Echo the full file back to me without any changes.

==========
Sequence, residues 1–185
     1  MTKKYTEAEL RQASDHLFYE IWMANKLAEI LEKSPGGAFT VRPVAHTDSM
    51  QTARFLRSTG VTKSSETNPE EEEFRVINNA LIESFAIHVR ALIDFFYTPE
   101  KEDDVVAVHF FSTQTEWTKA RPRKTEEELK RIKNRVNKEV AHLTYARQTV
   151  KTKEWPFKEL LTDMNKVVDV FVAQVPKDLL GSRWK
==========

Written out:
Sequence, residues 1–185
     1  MTKKYTEAEL RQASDHLFYE IWMANKLAEI LEKSPGGAFT VRPVAHTDSM
    51  QTARFLRSTG VTKSSETNPE EEEFRVINNA LIESFAIHVR ALIDFFYTPE
   101  KEDDVVAVHF FSTQTEWTKA RPRKTEEELK RIKNRVNKEV AHLTYARQTV
   151  KTKEWPFKEL LTDMNKVVDV FVAQVPKDLL GSRWK